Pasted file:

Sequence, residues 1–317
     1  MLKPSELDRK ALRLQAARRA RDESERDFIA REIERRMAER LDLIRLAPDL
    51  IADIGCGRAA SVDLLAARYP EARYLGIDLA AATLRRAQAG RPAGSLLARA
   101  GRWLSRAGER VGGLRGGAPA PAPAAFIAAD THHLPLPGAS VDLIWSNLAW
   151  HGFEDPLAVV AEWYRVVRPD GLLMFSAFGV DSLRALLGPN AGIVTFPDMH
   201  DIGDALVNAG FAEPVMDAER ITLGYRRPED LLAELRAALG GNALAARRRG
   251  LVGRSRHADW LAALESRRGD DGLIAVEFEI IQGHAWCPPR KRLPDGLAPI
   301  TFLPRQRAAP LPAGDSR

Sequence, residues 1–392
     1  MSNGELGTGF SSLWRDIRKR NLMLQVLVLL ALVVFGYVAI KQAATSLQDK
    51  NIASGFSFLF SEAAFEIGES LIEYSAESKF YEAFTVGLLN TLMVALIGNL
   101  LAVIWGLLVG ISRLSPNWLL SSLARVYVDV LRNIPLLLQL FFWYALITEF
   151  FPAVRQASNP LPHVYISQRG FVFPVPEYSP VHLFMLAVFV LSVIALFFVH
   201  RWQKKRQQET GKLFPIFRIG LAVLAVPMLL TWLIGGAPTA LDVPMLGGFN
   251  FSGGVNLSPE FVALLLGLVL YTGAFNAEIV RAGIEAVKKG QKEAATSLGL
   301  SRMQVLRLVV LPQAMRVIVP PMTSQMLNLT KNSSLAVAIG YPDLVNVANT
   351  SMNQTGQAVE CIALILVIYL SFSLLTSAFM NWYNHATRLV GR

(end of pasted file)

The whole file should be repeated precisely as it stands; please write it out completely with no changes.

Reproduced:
Sequence, residues 1–317
     1  MLKPSELDRK ALRLQAARRA RDESERDFIA REIERRMAER LDLIRLAPDL
    51  IADIGCGRAA SVDLLAARYP EARYLGIDLA AATLRRAQAG RPAGSLLARA
   101  GRWLSRAGER VGGLRGGAPA PAPAAFIAAD THHLPLPGAS VDLIWSNLAW
   151  HGFEDPLAVV AEWYRVVRPD GLLMFSAFGV DSLRALLGPN AGIVTFPDMH
   201  DIGDALVNAG FAEPVMDAER ITLGYRRPED LLAELRAALG GNALAARRRG
   251  LVGRSRHADW LAALESRRGD DGLIAVEFEI IQGHAWCPPR KRLPDGLAPI
   301  TFLPRQRAAP LPAGDSR

Sequence, residues 1–392
     1  MSNGELGTGF SSLWRDIRKR NLMLQVLVLL ALVVFGYVAI KQAATSLQDK
    51  NIASGFSFLF SEAAFEIGES LIEYSAESKF YEAFTVGLLN TLMVALIGNL
   101  LAVIWGLLVG ISRLSPNWLL SSLARVYVDV LRNIPLLLQL FFWYALITEF
   151  FPAVRQASNP LPHVYISQRG FVFPVPEYSP VHLFMLAVFV LSVIALFFVH
   201  RWQKKRQQET GKLFPIFRIG LAVLAVPMLL TWLIGGAPTA LDVPMLGGFN
   251  FSGGVNLSPE FVALLLGLVL YTGAFNAEIV RAGIEAVKKG QKEAATSLGL
   301  SRMQVLRLVV LPQAMRVIVP PMTSQMLNLT KNSSLAVAIG YPDLVNVANT
   351  SMNQTGQAVE CIALILVIYL SFSLLTSAFM NWYNHATRLV GR